An actuator overtravel spring 91 (FIGS. 1 and 6) is fitted between retainer arms 74 of actuator 72. The actuator spring seats around lugs 76 (which restrain any lateral movement of the spring) against the upper surface of base 73. The upper end of the spring temporarily seats against the undersurfaces of projections 75 at the top of the retainer arms.
With keystem 53 held fully depressed in housing 30 against the restoring force of return spring 90, actuator 72 and spring 91 are next inserted through the undersurface of the housing into lower chamber 41. As the actuator is pressed upwardly into the housing, the chamfered upper surfaces of projections 75 on the actuator retainer arms contact the bottom of stem 59, and the actuator material is sufficiently resilient that the retainer arms bend outwardly away from each other to slide upwardly over the lower end of the stem. As this upward motion is continued, projections 75 on the retainer arms slide home into actuator guide channels 64. The resilient retainer arms then snap inwardly to their normal position to seat projections 75 within channels 64, preventing withdrawal of the actuator from the housing.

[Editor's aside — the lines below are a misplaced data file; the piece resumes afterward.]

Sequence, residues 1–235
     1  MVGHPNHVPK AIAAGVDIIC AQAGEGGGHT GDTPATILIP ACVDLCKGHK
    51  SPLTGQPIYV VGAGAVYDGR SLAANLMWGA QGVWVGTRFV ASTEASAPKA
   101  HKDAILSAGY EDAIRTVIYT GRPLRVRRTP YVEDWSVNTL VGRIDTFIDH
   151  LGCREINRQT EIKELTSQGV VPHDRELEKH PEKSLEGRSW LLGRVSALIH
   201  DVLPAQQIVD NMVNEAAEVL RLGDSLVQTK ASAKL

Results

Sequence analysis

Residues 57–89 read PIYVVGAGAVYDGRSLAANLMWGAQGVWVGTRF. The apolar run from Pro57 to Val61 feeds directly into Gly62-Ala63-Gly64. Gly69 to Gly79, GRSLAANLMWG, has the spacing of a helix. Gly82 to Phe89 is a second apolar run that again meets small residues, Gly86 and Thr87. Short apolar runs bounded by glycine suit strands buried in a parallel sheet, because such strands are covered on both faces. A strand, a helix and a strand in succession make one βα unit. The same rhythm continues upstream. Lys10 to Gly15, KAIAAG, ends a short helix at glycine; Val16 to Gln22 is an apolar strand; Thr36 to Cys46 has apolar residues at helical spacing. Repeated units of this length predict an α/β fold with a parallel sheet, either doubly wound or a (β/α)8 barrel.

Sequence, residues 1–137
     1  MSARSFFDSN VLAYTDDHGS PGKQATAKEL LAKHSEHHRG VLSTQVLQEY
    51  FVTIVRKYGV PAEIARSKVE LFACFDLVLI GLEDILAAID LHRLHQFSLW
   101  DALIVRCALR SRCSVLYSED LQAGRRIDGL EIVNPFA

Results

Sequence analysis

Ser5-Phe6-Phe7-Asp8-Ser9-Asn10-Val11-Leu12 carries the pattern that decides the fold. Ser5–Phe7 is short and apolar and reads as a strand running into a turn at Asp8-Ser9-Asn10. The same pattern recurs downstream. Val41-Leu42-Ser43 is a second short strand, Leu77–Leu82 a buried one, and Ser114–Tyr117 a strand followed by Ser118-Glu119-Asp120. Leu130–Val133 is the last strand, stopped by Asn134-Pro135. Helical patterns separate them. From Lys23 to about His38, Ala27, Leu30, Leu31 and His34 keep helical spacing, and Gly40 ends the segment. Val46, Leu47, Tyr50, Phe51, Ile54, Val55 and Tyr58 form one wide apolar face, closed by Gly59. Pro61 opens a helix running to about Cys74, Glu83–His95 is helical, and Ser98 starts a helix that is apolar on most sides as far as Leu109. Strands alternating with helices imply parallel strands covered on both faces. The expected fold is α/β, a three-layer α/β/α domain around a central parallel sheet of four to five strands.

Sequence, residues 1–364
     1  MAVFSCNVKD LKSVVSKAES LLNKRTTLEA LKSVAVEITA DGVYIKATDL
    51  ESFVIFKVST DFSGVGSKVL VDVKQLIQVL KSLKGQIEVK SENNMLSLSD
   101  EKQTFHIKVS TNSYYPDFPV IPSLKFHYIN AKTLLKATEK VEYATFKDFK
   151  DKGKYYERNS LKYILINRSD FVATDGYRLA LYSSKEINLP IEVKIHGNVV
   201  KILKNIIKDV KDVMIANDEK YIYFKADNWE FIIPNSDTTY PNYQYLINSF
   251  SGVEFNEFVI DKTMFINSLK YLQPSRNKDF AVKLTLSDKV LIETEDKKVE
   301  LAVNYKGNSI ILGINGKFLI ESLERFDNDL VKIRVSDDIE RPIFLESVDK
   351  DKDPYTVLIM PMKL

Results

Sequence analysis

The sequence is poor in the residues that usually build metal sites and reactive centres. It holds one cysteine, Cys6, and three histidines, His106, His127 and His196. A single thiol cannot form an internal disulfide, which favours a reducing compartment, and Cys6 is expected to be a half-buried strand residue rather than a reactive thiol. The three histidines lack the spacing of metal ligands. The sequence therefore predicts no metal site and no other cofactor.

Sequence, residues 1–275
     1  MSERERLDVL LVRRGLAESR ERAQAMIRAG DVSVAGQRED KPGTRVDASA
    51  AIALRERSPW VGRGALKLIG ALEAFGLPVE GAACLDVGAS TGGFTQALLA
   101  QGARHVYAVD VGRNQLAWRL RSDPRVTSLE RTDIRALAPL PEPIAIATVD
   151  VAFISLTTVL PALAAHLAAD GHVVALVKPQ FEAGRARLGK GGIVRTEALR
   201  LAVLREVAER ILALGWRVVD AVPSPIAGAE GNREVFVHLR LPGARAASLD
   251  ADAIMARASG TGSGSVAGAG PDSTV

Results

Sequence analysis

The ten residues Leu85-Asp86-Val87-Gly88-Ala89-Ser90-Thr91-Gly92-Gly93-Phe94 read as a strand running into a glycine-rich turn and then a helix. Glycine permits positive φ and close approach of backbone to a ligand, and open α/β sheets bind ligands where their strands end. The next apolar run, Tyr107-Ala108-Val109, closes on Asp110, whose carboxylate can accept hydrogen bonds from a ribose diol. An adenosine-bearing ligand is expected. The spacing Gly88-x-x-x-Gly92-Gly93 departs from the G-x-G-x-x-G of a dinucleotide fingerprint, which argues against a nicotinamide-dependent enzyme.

Actuator spring 91 seats on the undersurface of stem 59 and fits around retaining lug 63 which restrains lateral movement of the upper end of the spring. The actuator spring is a compression spring which urges the actuator downwardly away from the stem toward a position in which projections 75 on the retainer arms seat against shoulders 65 in guide channels 64.
An alternative assembly procedure is to install overtravel spring in actuator 72 as described above, and then to insert the actuator into housing 30. The housing is next placed on a flat surface to hold the actuator in place, or a retaining tool or fixture may be used for this purpose. Return spring 90 is then installed over the top of the housing, and stem 59 of keystem 53 is fitted into the housing and forced into captive engagement with the actuator.